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Shootouts and police chases: The FBI is worried about Google's driverless cars...

The FBI’s Intelligence Directorate says Google’s project opens up “ways for a car to be more of a potential lethal weapon”.

Image: AP/Press Association Images

THE FBI IS AFRAID that criminals will use Google’s driverless cars to conduct freeway shootouts and car chases, according to The Guardian. Because the cars drive themselves, passengers are free to do anything else they want in the car without fear of it crashing, like pull out a Glock and pop some caps into other drivers, or police cars that might be tailing them.

The FBI commissioned a report on the impact of cars on traffic crime enforcement, and The Guardian obtained the document via a Freedom of Information request:

The report, written by agents in the Strategic Issues Group within the FBI’s Directorate of Intelligence, says:

Autonomy … will make mobility more efficient, but will also open up greater possibilities for dual-use applications and ways for a car to be more of a potential lethal weapon that it is today….In addition, algorithms can control the distance that the patrol car is behind the target to avoid detection or intentionally have a patrol car make opposite turns at intersections, yet successfully meet up at later points with the target.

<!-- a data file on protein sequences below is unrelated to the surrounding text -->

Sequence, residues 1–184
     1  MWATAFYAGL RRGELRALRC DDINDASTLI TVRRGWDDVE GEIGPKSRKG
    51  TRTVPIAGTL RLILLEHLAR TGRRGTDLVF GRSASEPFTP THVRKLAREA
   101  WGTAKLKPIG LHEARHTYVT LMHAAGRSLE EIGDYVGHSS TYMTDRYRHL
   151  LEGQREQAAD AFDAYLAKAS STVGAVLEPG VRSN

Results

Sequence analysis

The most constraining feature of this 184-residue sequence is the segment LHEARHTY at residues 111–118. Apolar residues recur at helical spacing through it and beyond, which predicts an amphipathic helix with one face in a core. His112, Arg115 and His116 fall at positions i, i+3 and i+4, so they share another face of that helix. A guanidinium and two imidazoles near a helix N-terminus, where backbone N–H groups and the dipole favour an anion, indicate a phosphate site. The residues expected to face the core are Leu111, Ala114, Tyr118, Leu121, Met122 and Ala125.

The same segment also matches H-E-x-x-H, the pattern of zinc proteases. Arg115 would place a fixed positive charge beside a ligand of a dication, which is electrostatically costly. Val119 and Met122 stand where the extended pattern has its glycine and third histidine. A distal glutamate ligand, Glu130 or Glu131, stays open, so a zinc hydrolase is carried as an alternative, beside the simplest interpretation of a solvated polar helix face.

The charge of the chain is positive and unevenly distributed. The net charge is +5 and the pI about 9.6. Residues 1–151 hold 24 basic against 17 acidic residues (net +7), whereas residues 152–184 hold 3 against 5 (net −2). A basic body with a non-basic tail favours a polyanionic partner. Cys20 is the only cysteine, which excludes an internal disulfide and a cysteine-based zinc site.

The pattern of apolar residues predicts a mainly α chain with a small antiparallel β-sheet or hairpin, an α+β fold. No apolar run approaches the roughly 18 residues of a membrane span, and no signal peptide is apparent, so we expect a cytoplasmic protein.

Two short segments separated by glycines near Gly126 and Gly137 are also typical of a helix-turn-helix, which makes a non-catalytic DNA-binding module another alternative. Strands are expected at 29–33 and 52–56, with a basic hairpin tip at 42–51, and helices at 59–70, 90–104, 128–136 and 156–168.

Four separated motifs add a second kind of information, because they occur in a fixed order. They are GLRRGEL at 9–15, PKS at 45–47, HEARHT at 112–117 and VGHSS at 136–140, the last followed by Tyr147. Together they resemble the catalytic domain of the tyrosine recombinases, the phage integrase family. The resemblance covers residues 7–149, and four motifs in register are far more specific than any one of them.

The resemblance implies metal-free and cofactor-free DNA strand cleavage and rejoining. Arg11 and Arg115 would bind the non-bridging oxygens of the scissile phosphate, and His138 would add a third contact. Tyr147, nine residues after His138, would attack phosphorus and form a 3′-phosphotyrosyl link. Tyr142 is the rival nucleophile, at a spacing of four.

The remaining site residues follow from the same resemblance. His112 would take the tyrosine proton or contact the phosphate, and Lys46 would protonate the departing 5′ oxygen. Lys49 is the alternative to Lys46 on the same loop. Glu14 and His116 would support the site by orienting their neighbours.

The fear is that criminals might hack the cars to override its safety features or that terrorists might program the cars to drive with bombs inside them.

The good news is that the FBI report accepts that, overall, Google’s cars will likely reduce the number of accidents and fatalities. And it envisions a law enforcement version that uses an algorithm that allows police cars to get dangerously close to other cars in the event of a high-speed pursuit.

The FBI is thinking ahead: the cars are still in their test phase and are not expected to be available commercially in the US for years.

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What “high-speed” means is an open question, though. Writing about the project’s progress recently, the New York Times noted that Google’s cars are planned for urban environments rather than long-distance trips and motorways – and will hit a max of 25 mph.

Earlier this year, Google was awarded a patent to allow businesses offer customers free or discounted trips to their stores, effectively turning the vehicles into a kind of ad-powered taxi.

- Additional reporting by Susan Ryan

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